During the Great Depression of 1929 through 1939, the U.S. suffered an unemployment rate of well over 20% for several years. Not since that time has the unemployment picture in the U.S. been that bad.

However, for over 13 years, from late 2001 through the end of 2014, the U.S. economy struggled through two recessions...one of which we have nick-named the "Great Recession" due to the high unemployment that lingered for several years. Even now, as the economy is recovering and employment is showing signs of improvement, there are many talented people that are still seeking quality jobs and careers.

There have been numerous studies on the challenges of employment for those lacking a high school education, for those in displaced industries, and for those lacking college degrees. And while these situations were all worthy of study, a major demographic that has been overlooked in research is the college-educated professional with several years of work experience that can't get re-employed after being laid off!

Therefore, this study focused on that segment of the U.S. workforce that finds itself experienced, educated and long-term unemployed. The specific research objective was to try and determine the role of continuing education (either professional or academic) in possibly shortening the unemployment period.

Click for key research results.

Continuing Education and the Job Search ...

My name is Dr. C. J. Trayser. I was a Doctoral student at Pepperdine University from 2007-2009 studying the field of Learning Technology. I then spent a few years working on my dissertation.  I would like to share a little insight about my dissertation study.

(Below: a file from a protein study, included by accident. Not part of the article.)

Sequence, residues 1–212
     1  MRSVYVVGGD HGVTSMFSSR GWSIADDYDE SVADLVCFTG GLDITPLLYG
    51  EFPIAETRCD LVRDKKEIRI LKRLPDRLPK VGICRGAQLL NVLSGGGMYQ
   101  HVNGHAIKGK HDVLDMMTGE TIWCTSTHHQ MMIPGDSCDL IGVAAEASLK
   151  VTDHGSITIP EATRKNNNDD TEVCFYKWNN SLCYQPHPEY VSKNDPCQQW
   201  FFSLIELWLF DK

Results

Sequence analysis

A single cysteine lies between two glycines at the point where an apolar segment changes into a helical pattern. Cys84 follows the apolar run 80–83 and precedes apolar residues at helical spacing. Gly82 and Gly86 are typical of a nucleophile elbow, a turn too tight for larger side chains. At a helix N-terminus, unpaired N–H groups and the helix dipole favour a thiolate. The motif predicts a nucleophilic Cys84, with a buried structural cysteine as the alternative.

A few months after the 9/11/2001 event, the business at my firm declined to the point that many in my group were laid off, including me. I had years of experience and a bachelor's degree, so I expected a short job search. But much to my dismay, I found the job search to be a lot lengthier than I expected. After much trial and struggle (and a few short-term consulting jobs), my job search efforts paid off. But many that were in the same situation saw their job searches stretch to a year, two years, three years, or more.

Now, several years later, the unemployment situation still has not fully recovered from the latest recession -- yes, the unemployment numbers are down, but so are the good paying jobs and the number of people in the workforce. I still see many college-educated professionals struggling with extended unemployment. I work with many of these people in a volunteer role to help them find new jobs and careers. During my time with these job seekers, a common question often arises: "Would it help shorten my job search if I returned to school?"

In my job search back in 2002-2003, I found that job searchers with an advanced degree held a definite benefit in my profession, so yes, I returned to school which seemed to result in more interviews. But I could not draw viable conclusions from merely my single experience. To validate if continuing an academic education was truly beneficial to the job search, this question needed to be researched. Thus, my research and dissertation on this topic.

A note about the survey tool. I tested many online survey tools with both weak and strong results. The SoGoSurvey site offered me the right mix of question types, branching capabilities, and reporting. I've tried to design and test the survey to work on most PCs, tablets, and phones using a variety of browsers. The SoGoSurvey site worked well for all my testers with the only comments being that the text was sometimes too large/small for their specific device.